As first noted by Dixon et al. (J Am Chem Soc 108:2461–2462, 1986), heavily fluorinated pyramidal phosphorus compounds, e.g., F
with n>1, invert through a T-shaped transition state (edge inversion) rather than the D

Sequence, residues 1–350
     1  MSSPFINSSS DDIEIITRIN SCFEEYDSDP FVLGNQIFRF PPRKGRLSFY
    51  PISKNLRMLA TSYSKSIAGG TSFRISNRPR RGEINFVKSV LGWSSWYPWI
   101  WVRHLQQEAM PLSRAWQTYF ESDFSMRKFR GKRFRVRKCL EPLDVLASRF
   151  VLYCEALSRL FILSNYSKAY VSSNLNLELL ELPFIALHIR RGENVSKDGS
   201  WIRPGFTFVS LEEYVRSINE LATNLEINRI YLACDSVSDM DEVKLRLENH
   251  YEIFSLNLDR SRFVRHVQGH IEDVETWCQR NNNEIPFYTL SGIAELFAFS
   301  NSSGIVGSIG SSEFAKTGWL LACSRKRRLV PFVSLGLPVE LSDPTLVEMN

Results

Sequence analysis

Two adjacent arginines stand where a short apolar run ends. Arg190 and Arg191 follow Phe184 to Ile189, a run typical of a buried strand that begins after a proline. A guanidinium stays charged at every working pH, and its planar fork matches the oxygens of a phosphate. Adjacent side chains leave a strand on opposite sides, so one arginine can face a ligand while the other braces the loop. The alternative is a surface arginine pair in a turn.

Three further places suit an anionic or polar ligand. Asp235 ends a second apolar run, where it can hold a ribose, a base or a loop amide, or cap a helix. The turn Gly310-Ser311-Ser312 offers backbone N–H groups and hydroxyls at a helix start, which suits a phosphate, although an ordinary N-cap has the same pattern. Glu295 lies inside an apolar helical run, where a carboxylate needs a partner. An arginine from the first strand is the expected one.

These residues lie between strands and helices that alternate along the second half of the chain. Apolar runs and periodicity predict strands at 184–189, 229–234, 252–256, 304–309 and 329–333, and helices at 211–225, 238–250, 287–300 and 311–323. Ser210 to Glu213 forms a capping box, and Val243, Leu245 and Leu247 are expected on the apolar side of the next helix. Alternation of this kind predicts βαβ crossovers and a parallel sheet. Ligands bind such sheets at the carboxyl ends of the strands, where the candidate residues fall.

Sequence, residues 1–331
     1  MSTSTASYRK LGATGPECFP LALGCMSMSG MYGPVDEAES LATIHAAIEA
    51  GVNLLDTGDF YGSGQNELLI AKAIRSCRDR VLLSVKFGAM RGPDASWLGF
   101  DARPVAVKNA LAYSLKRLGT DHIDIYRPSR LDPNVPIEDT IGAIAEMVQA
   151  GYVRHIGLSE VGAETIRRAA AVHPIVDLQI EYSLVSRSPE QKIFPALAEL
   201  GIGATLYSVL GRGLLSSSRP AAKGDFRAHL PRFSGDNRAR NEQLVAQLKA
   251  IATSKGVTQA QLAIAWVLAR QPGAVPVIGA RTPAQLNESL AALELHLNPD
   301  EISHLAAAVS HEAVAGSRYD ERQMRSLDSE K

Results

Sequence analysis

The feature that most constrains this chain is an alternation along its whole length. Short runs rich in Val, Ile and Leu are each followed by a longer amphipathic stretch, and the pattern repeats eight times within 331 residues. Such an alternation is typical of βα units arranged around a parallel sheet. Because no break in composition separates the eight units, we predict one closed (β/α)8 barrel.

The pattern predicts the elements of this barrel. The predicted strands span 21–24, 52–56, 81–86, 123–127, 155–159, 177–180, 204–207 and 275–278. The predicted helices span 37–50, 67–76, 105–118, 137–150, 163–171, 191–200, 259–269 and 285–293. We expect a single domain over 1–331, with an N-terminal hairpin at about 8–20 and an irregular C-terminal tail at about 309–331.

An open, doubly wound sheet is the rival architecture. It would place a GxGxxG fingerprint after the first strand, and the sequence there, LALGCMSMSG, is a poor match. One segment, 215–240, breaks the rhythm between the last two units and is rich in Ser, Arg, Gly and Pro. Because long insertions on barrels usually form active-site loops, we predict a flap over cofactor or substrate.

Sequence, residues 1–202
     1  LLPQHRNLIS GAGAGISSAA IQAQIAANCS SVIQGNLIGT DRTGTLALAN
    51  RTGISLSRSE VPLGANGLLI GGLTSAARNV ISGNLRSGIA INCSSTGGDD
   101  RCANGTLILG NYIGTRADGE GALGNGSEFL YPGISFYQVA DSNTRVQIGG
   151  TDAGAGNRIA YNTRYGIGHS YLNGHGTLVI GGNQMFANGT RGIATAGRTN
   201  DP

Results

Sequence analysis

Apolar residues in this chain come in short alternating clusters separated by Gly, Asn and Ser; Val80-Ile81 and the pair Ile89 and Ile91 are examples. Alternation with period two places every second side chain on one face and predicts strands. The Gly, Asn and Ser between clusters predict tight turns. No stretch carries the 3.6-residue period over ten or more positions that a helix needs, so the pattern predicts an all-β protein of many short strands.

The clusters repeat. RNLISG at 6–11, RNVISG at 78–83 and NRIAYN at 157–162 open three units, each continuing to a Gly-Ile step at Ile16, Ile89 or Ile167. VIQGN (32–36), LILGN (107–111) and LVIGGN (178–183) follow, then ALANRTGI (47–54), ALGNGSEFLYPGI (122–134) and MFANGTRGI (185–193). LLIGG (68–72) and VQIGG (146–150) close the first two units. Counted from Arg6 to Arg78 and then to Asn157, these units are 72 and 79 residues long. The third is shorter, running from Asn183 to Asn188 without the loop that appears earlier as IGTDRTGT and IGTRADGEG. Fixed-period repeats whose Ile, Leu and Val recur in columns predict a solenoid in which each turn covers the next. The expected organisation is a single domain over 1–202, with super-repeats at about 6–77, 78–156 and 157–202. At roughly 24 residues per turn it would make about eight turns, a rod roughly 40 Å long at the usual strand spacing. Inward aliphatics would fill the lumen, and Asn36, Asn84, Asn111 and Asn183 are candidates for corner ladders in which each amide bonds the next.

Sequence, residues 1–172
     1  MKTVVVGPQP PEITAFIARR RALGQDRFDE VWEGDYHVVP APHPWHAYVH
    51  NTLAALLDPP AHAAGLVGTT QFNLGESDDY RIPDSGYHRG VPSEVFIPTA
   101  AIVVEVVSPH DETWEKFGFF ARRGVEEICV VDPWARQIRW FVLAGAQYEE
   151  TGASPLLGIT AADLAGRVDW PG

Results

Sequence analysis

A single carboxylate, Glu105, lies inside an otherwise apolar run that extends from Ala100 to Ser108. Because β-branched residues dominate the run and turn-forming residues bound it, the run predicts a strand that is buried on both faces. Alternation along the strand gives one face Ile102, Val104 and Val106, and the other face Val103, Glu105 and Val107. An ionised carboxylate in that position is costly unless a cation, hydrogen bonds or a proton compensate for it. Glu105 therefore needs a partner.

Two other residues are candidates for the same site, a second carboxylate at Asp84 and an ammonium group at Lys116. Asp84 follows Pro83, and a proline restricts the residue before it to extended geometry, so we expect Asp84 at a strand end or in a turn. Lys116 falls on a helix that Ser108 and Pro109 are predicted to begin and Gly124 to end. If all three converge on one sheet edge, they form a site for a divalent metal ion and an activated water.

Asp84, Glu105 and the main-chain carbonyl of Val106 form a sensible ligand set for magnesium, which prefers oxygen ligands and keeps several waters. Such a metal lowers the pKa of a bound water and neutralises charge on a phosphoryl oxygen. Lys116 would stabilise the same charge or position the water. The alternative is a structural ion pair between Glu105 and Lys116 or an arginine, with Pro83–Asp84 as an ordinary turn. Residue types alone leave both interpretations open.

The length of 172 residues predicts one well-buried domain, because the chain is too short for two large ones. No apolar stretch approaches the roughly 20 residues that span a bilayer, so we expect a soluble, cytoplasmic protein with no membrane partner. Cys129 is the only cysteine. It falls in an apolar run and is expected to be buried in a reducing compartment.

-like transition states (vertex inversion) found in the corresponding nitrogen compounds and less fluorinated phosphorus compounds. Subsequent studies by Dixon and coworkers established that this is a general phenomenon and has important chemical consequences. But what is the reason for the change in the structure of the transition state? Recent theoretical investigations have resulted in the discovery of a new type of chemical bond, the recoupled pair bond. In particular, it was found that recoupled pair bond dyads account for the hypervalency of the elements beyond the first row. In this paper, we show that recoupled pair bond dyads also account for the existence of the edge inversion pathway in heavily fluorinated phosphorus compounds and likely account for the presence of the lower energy inversion pathways in pyramidal compounds of other elements beyond the first row.